And all this while, a twinge at the back of my teeth has been morphing into a full blown, unbearably painful, infection.
After one sleepless night, I call my dentist, and leave a desperate message on his voice mail.
My fear of contracting Covid-19 has been totally nullified by the sharp, stabbing pain in my mouth which feels like a bunch of mini piranhas are having a bachelor party below my jawline
He opens the office, only for me.
I am greeted at the door by his masked assistant who takes my temperature and hands me hand sanitizer. Six weeks ago, I had sauntered into the same office, blithely touching everything, helping myself to the coffee vending machine, and leaning in close to chat and cough innocuously on the receptionist.
My dentist is masked and unnaturally cheerful. He pronounces that the troublesome wisdom tooth will have to be extracted.
“Don’t worry,” he tells me, “just don’t stress. It’ll be over before you know it. I’ll try not to lean too close to you.”
While I’m being numbed, we discuss Covid-19 and he narrates a zoom call he had with a friend who is an emergency room doctor in New Jersey.
He has 16 patients on ventilators and he’s afraid they are all going to die.
While I ponder this frightening factoid, which does absolutely nothing to relieve my stress, he uses extractors to tug and twist the tooth embedded deep in my jaw bone and then stitches up the wound. When I finally stumble out into the sunlight I’m thinking, do I quarantine for 14 days from my family? Oh God, I forgot to ask if they had sanitized the chair I sat on — I had touched its arms. My clothes? They touched the chair. Do I wash them? Should I shower when I get home? Was his mask on properly? Was his assistant’s mask on properly? How close did he get? Oh God, I’m too young to die, yet.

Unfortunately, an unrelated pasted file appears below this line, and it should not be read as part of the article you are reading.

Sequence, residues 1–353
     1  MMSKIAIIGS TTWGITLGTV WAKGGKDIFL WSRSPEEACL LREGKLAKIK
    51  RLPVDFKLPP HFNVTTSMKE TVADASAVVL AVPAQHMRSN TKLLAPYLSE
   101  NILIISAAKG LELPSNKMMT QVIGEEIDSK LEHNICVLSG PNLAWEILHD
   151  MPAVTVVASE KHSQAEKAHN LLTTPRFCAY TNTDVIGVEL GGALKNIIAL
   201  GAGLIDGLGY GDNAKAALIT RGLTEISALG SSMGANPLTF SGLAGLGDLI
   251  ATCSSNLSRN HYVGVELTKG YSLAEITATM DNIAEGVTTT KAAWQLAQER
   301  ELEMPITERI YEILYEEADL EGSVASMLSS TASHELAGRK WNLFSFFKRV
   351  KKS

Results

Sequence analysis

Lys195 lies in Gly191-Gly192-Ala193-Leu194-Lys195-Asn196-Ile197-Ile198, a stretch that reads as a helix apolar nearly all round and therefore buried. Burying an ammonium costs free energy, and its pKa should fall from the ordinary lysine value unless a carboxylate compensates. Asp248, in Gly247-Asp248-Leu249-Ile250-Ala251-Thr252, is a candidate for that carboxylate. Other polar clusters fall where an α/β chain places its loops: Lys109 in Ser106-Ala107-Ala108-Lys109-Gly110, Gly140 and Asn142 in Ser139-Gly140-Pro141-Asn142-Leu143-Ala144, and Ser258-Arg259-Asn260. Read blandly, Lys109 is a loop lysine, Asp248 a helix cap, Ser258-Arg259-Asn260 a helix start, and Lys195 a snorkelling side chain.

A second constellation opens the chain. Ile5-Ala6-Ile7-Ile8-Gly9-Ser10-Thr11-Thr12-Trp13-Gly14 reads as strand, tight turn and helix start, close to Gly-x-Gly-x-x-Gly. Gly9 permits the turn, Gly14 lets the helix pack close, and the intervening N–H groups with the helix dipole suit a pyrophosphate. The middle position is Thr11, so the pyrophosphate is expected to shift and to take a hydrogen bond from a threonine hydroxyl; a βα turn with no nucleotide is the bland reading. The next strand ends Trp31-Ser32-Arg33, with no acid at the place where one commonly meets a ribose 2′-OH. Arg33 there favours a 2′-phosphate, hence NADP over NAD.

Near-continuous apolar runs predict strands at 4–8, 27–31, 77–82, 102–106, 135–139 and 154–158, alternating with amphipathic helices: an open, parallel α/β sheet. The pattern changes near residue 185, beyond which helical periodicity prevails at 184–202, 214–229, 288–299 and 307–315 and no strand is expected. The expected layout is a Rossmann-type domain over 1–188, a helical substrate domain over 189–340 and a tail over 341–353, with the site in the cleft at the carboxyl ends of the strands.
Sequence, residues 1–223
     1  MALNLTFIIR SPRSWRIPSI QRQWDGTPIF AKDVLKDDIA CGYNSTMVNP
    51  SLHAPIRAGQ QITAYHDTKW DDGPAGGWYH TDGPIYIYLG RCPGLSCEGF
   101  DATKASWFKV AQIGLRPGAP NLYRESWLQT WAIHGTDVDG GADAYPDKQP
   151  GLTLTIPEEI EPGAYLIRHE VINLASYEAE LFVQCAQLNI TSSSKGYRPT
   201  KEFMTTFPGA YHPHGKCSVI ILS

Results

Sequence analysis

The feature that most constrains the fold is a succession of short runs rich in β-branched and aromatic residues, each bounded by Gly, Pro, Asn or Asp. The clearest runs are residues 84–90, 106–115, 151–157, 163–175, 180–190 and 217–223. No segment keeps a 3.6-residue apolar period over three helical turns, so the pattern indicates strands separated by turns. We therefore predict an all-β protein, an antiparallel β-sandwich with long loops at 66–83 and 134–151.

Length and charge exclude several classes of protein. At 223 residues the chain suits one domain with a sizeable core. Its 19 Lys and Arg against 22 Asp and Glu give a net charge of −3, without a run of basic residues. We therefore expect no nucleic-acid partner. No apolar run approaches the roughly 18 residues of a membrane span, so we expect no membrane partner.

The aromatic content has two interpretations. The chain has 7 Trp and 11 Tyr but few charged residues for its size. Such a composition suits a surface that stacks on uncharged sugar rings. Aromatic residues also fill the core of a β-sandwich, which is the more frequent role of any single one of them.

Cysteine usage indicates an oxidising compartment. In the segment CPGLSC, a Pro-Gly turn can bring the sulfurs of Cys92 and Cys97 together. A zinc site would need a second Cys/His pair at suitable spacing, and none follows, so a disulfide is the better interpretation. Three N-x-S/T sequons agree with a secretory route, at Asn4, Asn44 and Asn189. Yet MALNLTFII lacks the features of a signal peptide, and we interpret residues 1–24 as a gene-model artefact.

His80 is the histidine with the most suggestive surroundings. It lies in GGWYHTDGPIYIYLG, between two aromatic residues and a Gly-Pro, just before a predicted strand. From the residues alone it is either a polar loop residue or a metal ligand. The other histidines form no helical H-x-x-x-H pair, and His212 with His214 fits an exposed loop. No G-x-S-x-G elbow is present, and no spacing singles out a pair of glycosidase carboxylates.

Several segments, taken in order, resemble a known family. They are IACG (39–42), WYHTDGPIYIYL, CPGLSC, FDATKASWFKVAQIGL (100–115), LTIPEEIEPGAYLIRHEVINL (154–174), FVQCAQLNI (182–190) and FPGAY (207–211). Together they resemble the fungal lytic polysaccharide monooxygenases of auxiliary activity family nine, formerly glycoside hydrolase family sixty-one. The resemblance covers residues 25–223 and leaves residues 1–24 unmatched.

April 20-May 18
Life settles into a strange, twilight-zone routine. We wake up, we look at the latest body count on TV and we check on the curve of new infections, which is rising steadily in our area. Zoom meetings with colleagues can be conducted in our pajama bottoms. Trips to the grocery store feel like a visit to a hazardous waste disposable unit.
We count our blessings. We actually sit down as a family for dinner together. We spend time together without bickering or arguments. There are no alternatives to home and family now, and it’s a good thing.
I’m devouring Covid-19 news and I come upon a report of many patients reporting conjunctivitis like symptoms — eyes that turn red but are not infected.
A memory stirs, and I sit down in shock. My daughter and I had traveled to India in December to see family. We came back on January 8, and a few days later my daughter came down with a dry cough and fever. She also developed a strange redness in both eyes.
“It’s not conjunctivitis. You don’t have flu,” her doctor told her.” Maybe it’s Dengue. You just came back from India. If it doesn’t go away or you feel worse, come back”.
I remember my daughter saying this was the worst she had ever felt. She finally got better, and the red eyes went away.
In the middle of January, Covid-19 was still believed to be out there somewhere, beyond the American shoreline, a “foreign” disease, and Dr. Fauci had just told us the risk of infection in the U.S. was low. Now we know it may have been spreading as far back as December.
My safe southern haven just imploded — my daughter may have had Covid-19, and we may already have been exposed! I’ll only know if I take her for an antibody test.
That’s when the meaning of the March 11 headlines in the New York Times truly sinks in — It’s Just Everywhere Already!
Jyoti Minocha is a writer who lives in Washington, D.C. She’s a graduate of Johns Hopkins Masters in Creative Writing program and loves to write, meet people, travel, blog, hike and spin stories, real and imagined. She’s working on her first novel about the Partition of India.